A new study by Harvard researchers found that a 2001 and 2002 expansion of Medicaid coverage in Arizona, New York and Maine might have saved lives. The study also concluded that the Medicaid expansion in the three states improved coverage, access to care and self-reported health.
The study found that mortality rates in the three states were collectively 6.1 percent lower than states that did not expand Medicaid. The decreased mortality rate mostly benefited older adults, nonwhites and residents of poor counties.
Earlier this year, results for the ongoing Oregon Health Study were released with more positive implications for people on Medicaid — happier people, better self-reported health and stronger financial security.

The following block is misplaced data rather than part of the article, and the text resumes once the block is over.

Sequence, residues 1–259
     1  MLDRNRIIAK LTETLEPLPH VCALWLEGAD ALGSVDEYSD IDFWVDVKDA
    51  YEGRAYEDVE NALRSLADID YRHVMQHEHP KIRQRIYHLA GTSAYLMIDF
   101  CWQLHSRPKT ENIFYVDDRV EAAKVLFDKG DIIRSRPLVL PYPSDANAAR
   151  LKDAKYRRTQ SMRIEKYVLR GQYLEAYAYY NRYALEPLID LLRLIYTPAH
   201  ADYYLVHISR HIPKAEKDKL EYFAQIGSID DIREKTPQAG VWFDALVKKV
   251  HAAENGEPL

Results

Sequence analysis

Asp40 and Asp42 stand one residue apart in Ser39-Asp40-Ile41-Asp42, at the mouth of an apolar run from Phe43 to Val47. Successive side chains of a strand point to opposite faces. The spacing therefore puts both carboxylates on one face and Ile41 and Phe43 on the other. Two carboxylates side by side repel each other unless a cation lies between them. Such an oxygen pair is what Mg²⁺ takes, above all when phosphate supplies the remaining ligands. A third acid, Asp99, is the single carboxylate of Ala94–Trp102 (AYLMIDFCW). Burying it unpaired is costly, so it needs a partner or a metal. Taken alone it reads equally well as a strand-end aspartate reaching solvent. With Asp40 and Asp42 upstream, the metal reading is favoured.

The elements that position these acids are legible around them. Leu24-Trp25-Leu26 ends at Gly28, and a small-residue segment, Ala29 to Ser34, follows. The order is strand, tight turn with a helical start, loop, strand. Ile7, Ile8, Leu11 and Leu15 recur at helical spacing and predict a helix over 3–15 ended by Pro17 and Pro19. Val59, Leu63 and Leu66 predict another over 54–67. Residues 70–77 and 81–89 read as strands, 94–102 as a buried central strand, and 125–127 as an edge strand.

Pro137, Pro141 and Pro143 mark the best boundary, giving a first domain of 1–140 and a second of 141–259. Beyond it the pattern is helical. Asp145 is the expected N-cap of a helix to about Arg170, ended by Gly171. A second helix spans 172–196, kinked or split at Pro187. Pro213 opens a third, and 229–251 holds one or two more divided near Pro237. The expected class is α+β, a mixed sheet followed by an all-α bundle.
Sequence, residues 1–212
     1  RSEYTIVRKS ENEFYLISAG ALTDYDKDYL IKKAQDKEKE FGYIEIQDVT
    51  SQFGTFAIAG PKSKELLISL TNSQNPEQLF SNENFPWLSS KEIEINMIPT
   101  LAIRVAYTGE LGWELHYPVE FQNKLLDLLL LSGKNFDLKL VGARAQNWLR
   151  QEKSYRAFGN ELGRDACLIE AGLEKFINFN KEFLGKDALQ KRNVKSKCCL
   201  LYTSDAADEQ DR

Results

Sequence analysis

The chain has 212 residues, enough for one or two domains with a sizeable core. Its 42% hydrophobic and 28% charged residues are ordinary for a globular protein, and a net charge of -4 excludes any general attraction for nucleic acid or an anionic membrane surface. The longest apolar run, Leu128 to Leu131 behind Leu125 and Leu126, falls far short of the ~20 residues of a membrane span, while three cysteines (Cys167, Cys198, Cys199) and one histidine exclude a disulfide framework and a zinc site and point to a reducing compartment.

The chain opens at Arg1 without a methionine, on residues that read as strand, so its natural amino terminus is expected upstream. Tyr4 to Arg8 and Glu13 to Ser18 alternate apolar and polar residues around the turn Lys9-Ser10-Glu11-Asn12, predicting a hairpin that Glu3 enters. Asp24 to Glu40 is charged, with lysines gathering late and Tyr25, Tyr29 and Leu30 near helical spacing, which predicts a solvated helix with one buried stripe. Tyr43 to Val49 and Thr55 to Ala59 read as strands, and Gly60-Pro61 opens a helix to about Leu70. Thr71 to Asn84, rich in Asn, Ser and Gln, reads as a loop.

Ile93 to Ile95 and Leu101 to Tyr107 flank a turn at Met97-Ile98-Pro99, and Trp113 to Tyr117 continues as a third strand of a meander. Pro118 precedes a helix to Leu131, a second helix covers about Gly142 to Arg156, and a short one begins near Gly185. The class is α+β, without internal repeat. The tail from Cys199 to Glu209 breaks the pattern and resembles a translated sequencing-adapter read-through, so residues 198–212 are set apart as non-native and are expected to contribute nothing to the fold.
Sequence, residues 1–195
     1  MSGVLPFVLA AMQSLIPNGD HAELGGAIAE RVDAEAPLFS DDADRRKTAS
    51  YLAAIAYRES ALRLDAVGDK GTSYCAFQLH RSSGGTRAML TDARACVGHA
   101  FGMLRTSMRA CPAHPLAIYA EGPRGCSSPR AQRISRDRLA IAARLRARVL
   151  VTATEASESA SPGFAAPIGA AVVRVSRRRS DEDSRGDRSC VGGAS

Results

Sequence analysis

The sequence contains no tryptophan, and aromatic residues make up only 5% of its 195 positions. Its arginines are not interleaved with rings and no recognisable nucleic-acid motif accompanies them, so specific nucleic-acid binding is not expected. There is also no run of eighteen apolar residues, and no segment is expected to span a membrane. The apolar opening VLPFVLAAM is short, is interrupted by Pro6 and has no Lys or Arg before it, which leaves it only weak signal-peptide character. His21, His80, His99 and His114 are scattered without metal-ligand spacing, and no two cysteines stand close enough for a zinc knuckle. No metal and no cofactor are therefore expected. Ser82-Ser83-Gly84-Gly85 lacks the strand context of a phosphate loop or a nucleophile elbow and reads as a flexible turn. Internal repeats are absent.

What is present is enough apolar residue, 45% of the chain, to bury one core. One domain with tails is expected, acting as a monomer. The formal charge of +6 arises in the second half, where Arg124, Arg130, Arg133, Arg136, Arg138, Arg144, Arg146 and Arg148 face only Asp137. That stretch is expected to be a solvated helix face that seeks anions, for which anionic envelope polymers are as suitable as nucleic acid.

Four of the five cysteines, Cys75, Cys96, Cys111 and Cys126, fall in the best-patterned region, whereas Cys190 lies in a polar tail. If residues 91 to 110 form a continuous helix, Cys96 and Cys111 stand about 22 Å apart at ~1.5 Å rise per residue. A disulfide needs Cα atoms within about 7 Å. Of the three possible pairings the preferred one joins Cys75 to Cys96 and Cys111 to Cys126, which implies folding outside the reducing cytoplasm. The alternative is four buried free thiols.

Despite the evidence, Gov.
John Kasich has said he will wait on his decision to expand Medicaid. As part of the Affordable Care Act — also known as “Obamacare” — states are being asked to expand their Medicaid coverage to a new federal standard of 133 percent of the poverty line. The federal government would completely fund the expansion between 2014 and 2016. Afterward, states would have to pick up 10 percent of the cost, and the federal government will pay the rest.
Kasich and Lt. Gov. Mary Taylor have said the expansion, which state officials estimate would add 400,000 Ohioans to Medicaid enrollment, is too expensive for the state. But some research has suggested that the Medicaid expansion would actually save states money by mitigating the cost of having so many uninsured people.
Ohio is not the only state to show
skepticism toward the Medicaid expansion. After the Supreme Court
released its decision upholding Obamacare, state officials in Texas and
Florida said they will not take part in the Medicaid expansion. State
governments have until Nov. 10 to make a final decision on whether or
not they will take part in the Medicaid expansion.
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